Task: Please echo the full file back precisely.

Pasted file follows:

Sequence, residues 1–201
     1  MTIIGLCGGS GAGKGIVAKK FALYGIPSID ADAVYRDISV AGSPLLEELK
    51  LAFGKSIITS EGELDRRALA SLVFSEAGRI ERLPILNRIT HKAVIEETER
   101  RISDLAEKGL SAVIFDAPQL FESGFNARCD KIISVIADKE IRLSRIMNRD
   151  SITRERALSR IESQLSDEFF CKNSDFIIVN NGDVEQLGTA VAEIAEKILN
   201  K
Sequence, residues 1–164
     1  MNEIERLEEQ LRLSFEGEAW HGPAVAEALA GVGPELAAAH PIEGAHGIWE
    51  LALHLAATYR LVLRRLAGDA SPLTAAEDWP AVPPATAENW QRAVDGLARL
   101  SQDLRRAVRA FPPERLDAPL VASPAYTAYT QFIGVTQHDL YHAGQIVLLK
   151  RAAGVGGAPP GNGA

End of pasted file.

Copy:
Sequence, residues 1–201
     1  MTIIGLCGGS GAGKGIVAKK FALYGIPSID ADAVYRDISV AGSPLLEELK
    51  LAFGKSIITS EGELDRRALA SLVFSEAGRI ERLPILNRIT HKAVIEETER
   101  RISDLAEKGL SAVIFDAPQL FESGFNARCD KIISVIADKE IRLSRIMNRD
   151  SITRERALSR IESQLSDEFF CKNSDFIIVN NGDVEQLGTA VAEIAEKILN
   201  K
Sequence, residues 1–164
     1  MNEIERLEEQ LRLSFEGEAW HGPAVAEALA GVGPELAAAH PIEGAHGIWE
    51  LALHLAATYR LVLRRLAGDA SPLTAAEDWP AVPPATAENW QRAVDGLARL
   101  SQDLRRAVRA FPPERLDAPL VASPAYTAYT QFIGVTQHDL YHAGQIVLLK
   151  RAAGVGGAPP GNGA